My employer posted a Senior Product Manager position for Sage 300 & CRM this week. Product Management is an area of the business that has always fascinated me. Although Product Managers (PM) have a lot of influence at Sage they have very little power to make things happen. Expectations remain high though to deliver results! Their job is even more challenging due to the matrix organization at Sage. There are a lot of stakeholders to manage with different and often conflicting opinions in multiple locations. It can be challenging to make decisions in a timely manner. This can negatively impact performance in the product delivery teams.
I have read a few books on Product Management & Strategic Alliances in the past year. I am currently reading “Software Product Management Essentials”. It is above average of a fairly mediocre list of books on the topic. One section I found interesting was the authors thoughts on the 7 habits of highly effective product managers. The list is worth sharing.
- Great PM’s know their product but also their limits: I definitely agree with this one. PM’s who know the product have far more credibility with the folks in R&D if they know the product. That said nothing infuriates R&D more when PM’s are pontificating on something they know nothing about. It is important clearly communicate the requirements and market\customer needs. If PM’s have evidence\data to support their perspective it is important to share it. Then it is time to let the experts in their respective fields UCD\BA\DEV\QA\UA do what they do best. In a nutshell PM identifies the right product\feature for the market. The experts make sure the product is built right!
- A great PM listens first: Simon Covey’s timeless advice in the 7 habits of highly effective people comes to mind. Seek first to understand then be understood. It is important to understand your various stakeholders needs so you can ask good questions. PM’s message resonates far more when it is tailored to their respective audiences.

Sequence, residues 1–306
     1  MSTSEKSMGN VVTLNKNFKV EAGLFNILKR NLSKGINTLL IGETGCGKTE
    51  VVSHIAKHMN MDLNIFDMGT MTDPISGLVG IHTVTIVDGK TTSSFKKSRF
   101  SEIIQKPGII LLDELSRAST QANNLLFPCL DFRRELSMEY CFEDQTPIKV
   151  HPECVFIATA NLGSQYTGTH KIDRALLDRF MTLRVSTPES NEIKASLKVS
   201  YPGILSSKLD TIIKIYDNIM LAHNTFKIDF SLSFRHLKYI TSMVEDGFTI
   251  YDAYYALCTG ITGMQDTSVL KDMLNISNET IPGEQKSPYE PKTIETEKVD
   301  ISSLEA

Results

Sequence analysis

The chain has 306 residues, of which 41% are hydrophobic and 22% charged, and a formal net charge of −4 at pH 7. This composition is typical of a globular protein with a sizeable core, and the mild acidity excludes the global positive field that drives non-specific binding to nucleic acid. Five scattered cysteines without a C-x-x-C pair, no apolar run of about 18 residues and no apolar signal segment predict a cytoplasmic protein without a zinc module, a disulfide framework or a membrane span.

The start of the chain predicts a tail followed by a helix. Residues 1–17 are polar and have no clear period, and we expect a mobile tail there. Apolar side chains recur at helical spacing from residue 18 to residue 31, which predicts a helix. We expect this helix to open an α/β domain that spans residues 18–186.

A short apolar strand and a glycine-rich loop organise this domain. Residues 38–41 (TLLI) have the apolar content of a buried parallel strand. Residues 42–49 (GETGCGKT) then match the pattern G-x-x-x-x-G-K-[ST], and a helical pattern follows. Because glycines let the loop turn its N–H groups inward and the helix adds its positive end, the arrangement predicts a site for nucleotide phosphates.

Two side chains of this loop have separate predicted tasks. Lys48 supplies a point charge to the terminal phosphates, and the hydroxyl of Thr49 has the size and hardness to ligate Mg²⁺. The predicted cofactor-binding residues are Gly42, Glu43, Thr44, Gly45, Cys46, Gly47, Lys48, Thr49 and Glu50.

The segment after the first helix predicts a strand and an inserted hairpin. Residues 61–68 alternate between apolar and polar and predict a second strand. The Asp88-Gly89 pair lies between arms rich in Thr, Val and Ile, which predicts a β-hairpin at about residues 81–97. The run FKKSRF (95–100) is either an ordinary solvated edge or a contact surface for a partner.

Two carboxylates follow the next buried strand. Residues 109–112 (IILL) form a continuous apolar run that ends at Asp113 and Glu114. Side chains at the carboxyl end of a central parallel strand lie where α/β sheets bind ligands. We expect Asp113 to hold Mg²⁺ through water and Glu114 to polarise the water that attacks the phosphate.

- Great PM’s are curious: The ability to continue to ask why to uncover the real issue is invaluable. The best PM’s I have seen never settle for the obvious answer and strive to truly understand the problem to be solved.
- Great PM’s are decisive: Strong PM’s are willing to defend and debate their decisions. PM’s are often challenged publicly. It is important to encourage people to share their ideas and opinions with you and remain assertive and confident at the same time. Sometimes data is available to help guide the decision. Many times (more often than most organizations care to admit) it is not. If new information comes along that justifies a course correction so be it. In the interests of time a decision is often required quickly.
- Great PM’s are responsive: Once a PM loses respect in an organization it is very challenging to regain it. The PM’s with the best reputations I know are very hard workers. They are diligent about managing expectations and actively engaged with stakeholders at all levels of the organization.
- Great PM’s are excellent communicators: The most credible PM’s are typically the best presenters. They tailor their message for their audience and simplify the data with easily understand graphs. PM’s need to inspire their colleagues to achieve their vision for the product. People want to believe their contribution counts in something important and tangible.
- Great PM’s are passionate: Marcus Buckingham often points out in his writings that your strengths maximized become a weakness. Passion is a great example of this. Why should their stakeholder’s care if the PM is not passionate about their product? That said the ability to get to win-win situations especially in a matrix organization requires a PM to keep a cool head while others resist or even block their initiatives.
Does anyone out there have other comments on what makes a great PM? If you are considering a switch to PM a friend of mine shared the following presentation. I highly recommend it. http://www.slideshare.net/guestfbb385/shreyas-doshi-how-to-get-that-next-pm-job-svpma-march-2010?from=share_email